But I have kept still in spite of the imperfect world aound me. I clean up the lizard feces from the floor of my outdoor bathroom each morning and brush off the particles of grit that seem to constantly rain from the ceiling onto the bedsheets and floor. I make my breakfast in the kitchen, a separate room at the side of the house that is entered from the outside. It is clearly a man's kitchen with its paltry equipment--two pans, chipped plates, an odd assortment of utensils and dishes, no hot water. There is a toaster oven and a rice cooker, two modern appliances that enable me to cook basic meals. There are two luxuries here--air conditioning and cable TV with English language stations. I am renting this house from an American expat, so for the first time in my travels, I have quite a selection of programs. This and reading have been my primary entertainment, along with walks on the country road that runs through rice fields and small villages.
Kadek, the woman who does my housekeeping comes by to see me every day, at least once and more often twice. She is surprised that I am a neat person who makes my bed and washes my dishes. Kadek is a loquacious woman in her mid-forties, married to Made, and they have two sons, 15-year-old Wayan and Kadek, her namesake, who had his 9th birthday just two days ago. Over the last week, I've learned a great deal about Kadek's life. She grew up in a very poor family in Denpasar before she met and married Made over the objections of Made's parents who had selected another bride for him. I'm not sure I understand everything she has told me about her life, because her English isn't very good. She says she's been married for 14 years and yet Wayan is 15, so there may be a bit of "scandal" here that is at least in part the cause of the friction that has continued between Kadek and her in-laws. Maybe I have misunderstood this--sometimes I'm very challenged to figure out what she's saying. The friction between Kadek and her in-laws has continued over the years. This is complicated by the close proximity of Made's family. They live in a multi-house compound, all the houses built over time by the men of the family. So, for Kadek, there is no escaping the daily haranguing of her in-laws even as she cares for them in the infirmities of their aging.
I ride into the town of Ubud on the back of Kadek's motorbike to buy groceries. One morning I went to the local market with her. I wanted to see what was available there, and it is everything from soup to nuts. Kadek instructed me to follow her at a little distance because prices are inflated for white people. I gave her my list and did my best to keep her in sight, which wasn't easy considering the narrow aisles that ran between the rows of vendors with their wares spread on truck beds and tables or in baskets on the ground. It was a maze of a market on different elevations, inside and outside, and I surely would have become lost without Kadek in the lead. Kadek supplemented my list with purchases of some Balinese spice mixtures and instructed me how to use them.
Kadek brings me samples of her cooking almost every day. Most of it is simple food. But sometimes, it is food she prepares for some special ceremony at the local Hindu temple. There seems to be some special ceremony every other day. She takes this special food to be blessed by the Hindu gods and brings it back home to her family. In the morning, she cooks rice and a melange of vegetables in a mildly spicy sauce, sometimes with a small amount of minced chicken, sometimes not, depending on how much money she has that day. This is what the family eats all day, supplemented by the ceremonial food she makes.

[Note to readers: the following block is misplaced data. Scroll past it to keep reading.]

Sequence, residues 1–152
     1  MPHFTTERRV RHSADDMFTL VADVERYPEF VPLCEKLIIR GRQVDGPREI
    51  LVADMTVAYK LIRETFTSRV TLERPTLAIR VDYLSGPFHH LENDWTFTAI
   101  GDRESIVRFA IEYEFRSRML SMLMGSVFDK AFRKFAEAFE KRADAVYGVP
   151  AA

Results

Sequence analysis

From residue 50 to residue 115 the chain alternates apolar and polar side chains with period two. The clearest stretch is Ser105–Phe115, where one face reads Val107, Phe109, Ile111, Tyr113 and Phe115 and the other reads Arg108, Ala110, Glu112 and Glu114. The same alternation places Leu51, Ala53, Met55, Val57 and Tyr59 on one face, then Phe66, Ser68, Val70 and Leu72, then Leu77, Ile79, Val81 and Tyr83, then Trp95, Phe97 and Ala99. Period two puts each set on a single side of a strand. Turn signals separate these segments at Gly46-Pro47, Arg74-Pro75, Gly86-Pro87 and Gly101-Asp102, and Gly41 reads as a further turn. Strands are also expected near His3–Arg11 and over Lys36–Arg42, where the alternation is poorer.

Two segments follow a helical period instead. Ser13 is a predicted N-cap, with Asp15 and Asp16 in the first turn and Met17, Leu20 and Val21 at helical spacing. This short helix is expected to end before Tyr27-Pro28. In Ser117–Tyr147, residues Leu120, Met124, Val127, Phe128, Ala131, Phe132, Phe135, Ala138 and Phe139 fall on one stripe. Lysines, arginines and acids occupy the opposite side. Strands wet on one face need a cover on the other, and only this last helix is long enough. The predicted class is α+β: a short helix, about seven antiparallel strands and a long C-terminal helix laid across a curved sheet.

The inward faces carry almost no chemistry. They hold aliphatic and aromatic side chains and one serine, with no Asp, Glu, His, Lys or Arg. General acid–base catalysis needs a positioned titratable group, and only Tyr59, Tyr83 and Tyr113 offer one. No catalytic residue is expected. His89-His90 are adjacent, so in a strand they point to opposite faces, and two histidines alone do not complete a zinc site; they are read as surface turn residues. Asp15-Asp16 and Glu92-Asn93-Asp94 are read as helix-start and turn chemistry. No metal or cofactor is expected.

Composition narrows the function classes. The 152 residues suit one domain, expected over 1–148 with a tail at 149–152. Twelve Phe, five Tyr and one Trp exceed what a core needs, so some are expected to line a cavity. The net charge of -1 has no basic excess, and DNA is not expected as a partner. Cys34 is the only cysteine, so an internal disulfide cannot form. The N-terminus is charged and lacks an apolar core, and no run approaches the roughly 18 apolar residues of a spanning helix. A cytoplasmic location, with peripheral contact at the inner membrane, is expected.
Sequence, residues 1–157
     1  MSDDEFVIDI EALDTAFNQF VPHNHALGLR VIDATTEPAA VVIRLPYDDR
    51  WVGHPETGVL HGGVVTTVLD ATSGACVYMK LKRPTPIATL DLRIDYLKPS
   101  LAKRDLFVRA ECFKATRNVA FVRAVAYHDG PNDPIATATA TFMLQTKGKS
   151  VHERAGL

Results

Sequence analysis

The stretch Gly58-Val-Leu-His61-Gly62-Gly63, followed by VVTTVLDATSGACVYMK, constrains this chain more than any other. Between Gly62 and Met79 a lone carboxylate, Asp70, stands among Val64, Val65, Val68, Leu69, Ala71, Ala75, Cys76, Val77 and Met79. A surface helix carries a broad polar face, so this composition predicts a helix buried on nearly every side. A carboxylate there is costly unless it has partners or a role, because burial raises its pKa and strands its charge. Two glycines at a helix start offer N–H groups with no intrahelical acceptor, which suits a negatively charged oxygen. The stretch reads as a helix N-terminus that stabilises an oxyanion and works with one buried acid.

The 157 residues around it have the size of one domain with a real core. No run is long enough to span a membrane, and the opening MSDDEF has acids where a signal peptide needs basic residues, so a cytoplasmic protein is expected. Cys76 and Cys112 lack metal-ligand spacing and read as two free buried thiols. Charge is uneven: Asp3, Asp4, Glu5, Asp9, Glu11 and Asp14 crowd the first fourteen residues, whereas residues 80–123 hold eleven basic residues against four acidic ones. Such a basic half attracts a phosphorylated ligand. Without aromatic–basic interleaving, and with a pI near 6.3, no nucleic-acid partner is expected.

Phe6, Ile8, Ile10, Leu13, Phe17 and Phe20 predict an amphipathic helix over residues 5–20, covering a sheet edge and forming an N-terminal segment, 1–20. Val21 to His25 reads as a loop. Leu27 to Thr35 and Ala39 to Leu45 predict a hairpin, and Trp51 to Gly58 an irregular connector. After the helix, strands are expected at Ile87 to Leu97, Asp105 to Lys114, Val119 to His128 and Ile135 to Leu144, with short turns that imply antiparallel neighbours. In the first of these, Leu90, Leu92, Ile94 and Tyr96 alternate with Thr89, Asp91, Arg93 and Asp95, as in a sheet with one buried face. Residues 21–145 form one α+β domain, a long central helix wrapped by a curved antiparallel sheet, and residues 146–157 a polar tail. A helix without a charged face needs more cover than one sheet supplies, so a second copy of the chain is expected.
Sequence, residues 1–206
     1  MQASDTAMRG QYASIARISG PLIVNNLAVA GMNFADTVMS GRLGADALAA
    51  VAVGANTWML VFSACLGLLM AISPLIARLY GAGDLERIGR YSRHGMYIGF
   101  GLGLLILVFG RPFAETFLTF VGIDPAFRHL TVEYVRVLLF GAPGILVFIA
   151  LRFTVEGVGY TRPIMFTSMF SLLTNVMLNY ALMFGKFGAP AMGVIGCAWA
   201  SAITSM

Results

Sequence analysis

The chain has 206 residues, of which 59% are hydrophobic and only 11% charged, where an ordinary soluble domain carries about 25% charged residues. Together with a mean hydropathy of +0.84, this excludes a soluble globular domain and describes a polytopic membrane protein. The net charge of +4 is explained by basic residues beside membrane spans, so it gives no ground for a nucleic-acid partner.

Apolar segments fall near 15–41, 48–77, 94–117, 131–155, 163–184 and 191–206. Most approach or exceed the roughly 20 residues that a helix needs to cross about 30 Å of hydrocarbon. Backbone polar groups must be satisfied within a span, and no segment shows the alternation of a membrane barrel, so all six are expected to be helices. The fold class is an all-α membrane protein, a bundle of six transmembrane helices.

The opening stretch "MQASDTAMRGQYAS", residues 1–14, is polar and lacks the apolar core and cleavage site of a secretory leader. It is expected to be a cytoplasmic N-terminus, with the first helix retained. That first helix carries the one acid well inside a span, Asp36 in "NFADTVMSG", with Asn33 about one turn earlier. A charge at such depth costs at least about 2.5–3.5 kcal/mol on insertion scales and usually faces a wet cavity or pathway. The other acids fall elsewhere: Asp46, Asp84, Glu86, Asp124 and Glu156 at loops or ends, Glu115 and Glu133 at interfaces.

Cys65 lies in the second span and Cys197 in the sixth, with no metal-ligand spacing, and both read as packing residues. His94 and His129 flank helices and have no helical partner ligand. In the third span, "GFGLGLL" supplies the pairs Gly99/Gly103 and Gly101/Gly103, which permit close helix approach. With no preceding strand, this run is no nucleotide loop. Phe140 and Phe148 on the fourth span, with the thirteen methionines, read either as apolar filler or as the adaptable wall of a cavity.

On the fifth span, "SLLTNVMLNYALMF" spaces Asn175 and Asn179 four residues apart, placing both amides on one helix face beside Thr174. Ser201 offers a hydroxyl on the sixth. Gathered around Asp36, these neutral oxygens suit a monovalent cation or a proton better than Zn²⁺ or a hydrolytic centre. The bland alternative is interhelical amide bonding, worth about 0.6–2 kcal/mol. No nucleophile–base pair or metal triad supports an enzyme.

After only a few days here, it feels as if I have been integrated into Kadek's family. I ate dinner with her family one night. I gave her money for the food and she prepared a Balinese feast, with me as her sous chef. Made's "auntie", a widow who lives in the house next to them, spends most of her day at Kadek's house and shares meals with them. She wouldn't sit at the table with us because she is shy and doesn't speak English. She comes to rake the fallen leaves around my house every two or three days. We smile and greet each other with the Balinese "Hai" and she proceeds with her voluntary work, which Kadek says she does "for exercise". Made is artistic, and I am quite impessed with the pencil drawings he showed me. They are mostly drawings that tell a story about some Hindu god, but my favorite is a drawing of birds perched on tree branches.
Neither Kadek nor any of her family have ever eaten in a restaurant. When I invited Kadek to go to lunch with me at a restaurant, she told me she would rather that I ask one of her sons instead, because she would like them to have this experience. She says she wouldn't enjoy this luxury if they could not. This touching maternal response brought tears to my eyes. Kadek's love for and pride in her sons was apparent to me when I had dinner at her home, but her denial of this simple pleasure (in my mind, but a greater one in hers) in favor of her sons spoke volumes about her devotion to them.
While Kadek helps to support their family by housecleaning, Made works in construction. In fact, the house being constructed next door is theirs. Three people for whom Kadek cleans house have loaned them money to finish one floor of the house so that they can rent it out for income. This is their longer term plan, to finish the house and earn rental income so that they can provide their sons with a college education. They have been working on this house for five years now. So, I cannot be upset that my serenity is disturbed by the hammering and sawing, because every board and nail brings Wayan and his little brother Kadek, the sweetest boys you would ever meet, one step closer to the brighter future that education can provide.
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